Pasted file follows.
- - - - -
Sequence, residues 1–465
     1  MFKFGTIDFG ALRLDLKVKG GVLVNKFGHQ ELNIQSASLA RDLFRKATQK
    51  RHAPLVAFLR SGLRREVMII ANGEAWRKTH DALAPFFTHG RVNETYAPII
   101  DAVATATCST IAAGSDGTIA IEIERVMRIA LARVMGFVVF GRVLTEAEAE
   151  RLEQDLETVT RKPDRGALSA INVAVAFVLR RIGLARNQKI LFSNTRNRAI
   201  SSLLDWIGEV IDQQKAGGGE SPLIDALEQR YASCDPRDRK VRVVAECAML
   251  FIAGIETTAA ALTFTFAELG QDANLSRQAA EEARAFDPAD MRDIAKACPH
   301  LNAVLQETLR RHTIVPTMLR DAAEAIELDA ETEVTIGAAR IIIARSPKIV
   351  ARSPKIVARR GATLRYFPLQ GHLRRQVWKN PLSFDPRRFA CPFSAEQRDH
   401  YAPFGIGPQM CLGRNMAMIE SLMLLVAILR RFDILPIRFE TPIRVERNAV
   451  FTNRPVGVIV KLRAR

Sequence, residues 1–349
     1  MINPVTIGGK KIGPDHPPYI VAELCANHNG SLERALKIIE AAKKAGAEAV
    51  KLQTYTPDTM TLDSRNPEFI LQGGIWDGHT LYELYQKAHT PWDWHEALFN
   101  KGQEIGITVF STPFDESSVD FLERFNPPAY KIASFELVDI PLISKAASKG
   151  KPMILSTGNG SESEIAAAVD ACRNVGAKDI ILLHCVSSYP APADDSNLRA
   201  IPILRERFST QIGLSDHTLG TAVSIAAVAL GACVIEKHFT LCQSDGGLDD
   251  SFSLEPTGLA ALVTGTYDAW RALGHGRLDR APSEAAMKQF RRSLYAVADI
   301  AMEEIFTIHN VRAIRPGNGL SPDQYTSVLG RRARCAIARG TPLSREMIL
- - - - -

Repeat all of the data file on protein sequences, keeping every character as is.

Sequence, residues 1–465
     1  MFKFGTIDFG ALRLDLKVKG GVLVNKFGHQ ELNIQSASLA RDLFRKATQK
    51  RHAPLVAFLR SGLRREVMII ANGEAWRKTH DALAPFFTHG RVNETYAPII
   101  DAVATATCST IAAGSDGTIA IEIERVMRIA LARVMGFVVF GRVLTEAEAE
   151  RLEQDLETVT RKPDRGALSA INVAVAFVLR RIGLARNQKI LFSNTRNRAI
   201  SSLLDWIGEV IDQQKAGGGE SPLIDALEQR YASCDPRDRK VRVVAECAML
   251  FIAGIETTAA ALTFTFAELG QDANLSRQAA EEARAFDPAD MRDIAKACPH
   301  LNAVLQETLR RHTIVPTMLR DAAEAIELDA ETEVTIGAAR IIIARSPKIV
   351  ARSPKIVARR GATLRYFPLQ GHLRRQVWKN PLSFDPRRFA CPFSAEQRDH
   401  YAPFGIGPQM CLGRNMAMIE SLMLLVAILR RFDILPIRFE TPIRVERNAV
   451  FTNRPVGVIV KLRAR

Sequence, residues 1–349
     1  MINPVTIGGK KIGPDHPPYI VAELCANHNG SLERALKIIE AAKKAGAEAV
    51  KLQTYTPDTM TLDSRNPEFI LQGGIWDGHT LYELYQKAHT PWDWHEALFN
   101  KGQEIGITVF STPFDESSVD FLERFNPPAY KIASFELVDI PLISKAASKG
   151  KPMILSTGNG SESEIAAAVD ACRNVGAKDI ILLHCVSSYP APADDSNLRA
   201  IPILRERFST QIGLSDHTLG TAVSIAAVAL GACVIEKHFT LCQSDGGLDD
   251  SFSLEPTGLA ALVTGTYDAW RALGHGRLDR APSEAAMKQF RRSLYAVADI
   301  AMEEIFTIHN VRAIRPGNGL SPDQYTSVLG RRARCAIARG TPLSREMIL